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Ruth Messinger

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Ruth Messinger’s visit to Haverford, where she gave a lecture in one of my classes, had dinner at the Haverford Sukkah, and gave a public lecture, was meaningful on a number of different levels.  The obvious was that it was inspiring to hear about her work with the American Jewish World Service, her past political involvement, and her ideas on how to solve some of the world’s most serious problems.  As someone who has concerns and skepticism about US involvement in humanitarian work around the world, it was refreshing to hear about the ways in which AJWS tries to let local community-based organizations guide funding focuses and share their insight.

I was also very much moved by the personal conversation I had with Messinger when she came to visit my public health class.  At the time, I was taking pre-med courses but was still unsure whether I wanted to go to medical school or go to graduate school for public health.  She explained that whether I am a clinician or doing public health research/policy work, I will be doing something important, but will inevitably experience some degree of frustration.  What Messinger suggested I do, therefore, is figure out which kind of work would make me less frustrated.  If I became a doctor, and treated patients one-on-one in a setting like a community health center, I would be doing crucial public health work, and would feel good being able to see the immediate effect my work had on the lives of my patients.  But, I would feel frustrated knowing that there are so many systemic problems affecting my patients, that I have little ability to change while in a clinical setting.  As a public health worker, on the other hand, I would feel good about looking at the large picture, and being able to tackle systems-level change around the world.  I would be able to confront WTO intellectual property law, for instance, which blocks many poor countries from accessing generic drugs.  Or I would be finding new ways to spread prevention messages.  Or helping to figure out how to make people adhere to their TB treatment.  But, I would be frustrated, because I would often see only incremental change, after years of work, and would often not have the gratification of seeing the lives I’d touched.  So, Messinger, explained, I had to figure out which kind of work would bring on less frustration – did I want to work at the individual level or the systems level?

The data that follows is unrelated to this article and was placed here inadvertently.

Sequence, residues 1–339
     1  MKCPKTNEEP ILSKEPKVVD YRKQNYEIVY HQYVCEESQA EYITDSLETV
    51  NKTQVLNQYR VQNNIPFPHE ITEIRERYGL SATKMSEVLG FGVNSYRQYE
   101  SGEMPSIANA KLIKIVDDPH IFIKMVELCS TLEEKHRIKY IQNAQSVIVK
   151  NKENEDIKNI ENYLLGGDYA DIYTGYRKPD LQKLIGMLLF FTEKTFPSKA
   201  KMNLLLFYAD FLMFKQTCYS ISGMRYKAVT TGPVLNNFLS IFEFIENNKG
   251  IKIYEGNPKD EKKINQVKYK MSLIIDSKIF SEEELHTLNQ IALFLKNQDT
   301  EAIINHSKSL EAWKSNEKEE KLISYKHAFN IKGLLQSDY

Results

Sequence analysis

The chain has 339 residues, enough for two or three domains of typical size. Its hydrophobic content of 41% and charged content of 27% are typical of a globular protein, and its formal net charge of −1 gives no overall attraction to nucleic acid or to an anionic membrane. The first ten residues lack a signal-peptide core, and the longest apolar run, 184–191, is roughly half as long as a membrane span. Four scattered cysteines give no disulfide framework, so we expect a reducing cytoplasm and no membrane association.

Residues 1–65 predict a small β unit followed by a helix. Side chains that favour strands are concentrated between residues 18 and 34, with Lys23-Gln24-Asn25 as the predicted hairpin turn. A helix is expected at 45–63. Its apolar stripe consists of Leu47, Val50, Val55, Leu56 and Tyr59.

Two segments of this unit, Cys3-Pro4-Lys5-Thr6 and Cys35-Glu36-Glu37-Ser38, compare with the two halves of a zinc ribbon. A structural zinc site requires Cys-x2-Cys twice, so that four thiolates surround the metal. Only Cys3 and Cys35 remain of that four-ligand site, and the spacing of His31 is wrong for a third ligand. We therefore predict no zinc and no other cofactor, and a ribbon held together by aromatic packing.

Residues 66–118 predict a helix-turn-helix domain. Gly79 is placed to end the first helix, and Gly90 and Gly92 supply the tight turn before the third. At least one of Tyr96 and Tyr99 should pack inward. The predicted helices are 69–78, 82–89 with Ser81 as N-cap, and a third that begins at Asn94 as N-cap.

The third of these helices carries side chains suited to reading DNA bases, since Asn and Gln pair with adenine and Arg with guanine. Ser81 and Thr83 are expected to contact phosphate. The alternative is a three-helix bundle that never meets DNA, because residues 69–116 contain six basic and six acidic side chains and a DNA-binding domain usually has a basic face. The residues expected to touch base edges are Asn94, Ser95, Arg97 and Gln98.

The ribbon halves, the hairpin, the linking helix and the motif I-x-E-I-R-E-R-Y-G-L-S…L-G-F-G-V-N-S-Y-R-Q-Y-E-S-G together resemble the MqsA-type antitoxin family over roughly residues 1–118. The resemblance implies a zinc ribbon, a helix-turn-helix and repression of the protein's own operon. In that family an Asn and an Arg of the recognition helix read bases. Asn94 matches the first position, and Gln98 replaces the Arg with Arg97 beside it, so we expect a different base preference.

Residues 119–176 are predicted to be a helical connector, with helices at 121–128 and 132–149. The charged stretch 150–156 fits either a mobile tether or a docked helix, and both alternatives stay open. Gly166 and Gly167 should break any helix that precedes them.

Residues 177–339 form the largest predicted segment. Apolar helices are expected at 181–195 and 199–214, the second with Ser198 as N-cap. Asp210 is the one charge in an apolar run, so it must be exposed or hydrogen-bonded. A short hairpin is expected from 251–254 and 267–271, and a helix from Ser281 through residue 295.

I’ve been thinking about this question since I met Messinger three years ago, and have come to the conclusion that I am the second kind of person.  I want my fight for health justice to focus on the systemic, broader problems – even though I absolutely see the importance in helping patients in a clinical setting.  I am incredibly grateful to Messinger for providing me with such a stark choice, and helping me to figure out what kind of work most moves and inspires me.  So much of what I’ve done since then – such as the research project I undertook as part of my study abroad program, and my current job at ASIAC, reflects this self awareness.   I don’t necessarily want to work for an organization like AJWS, but the work they do has had a big, albeit indirect, impact on my life.

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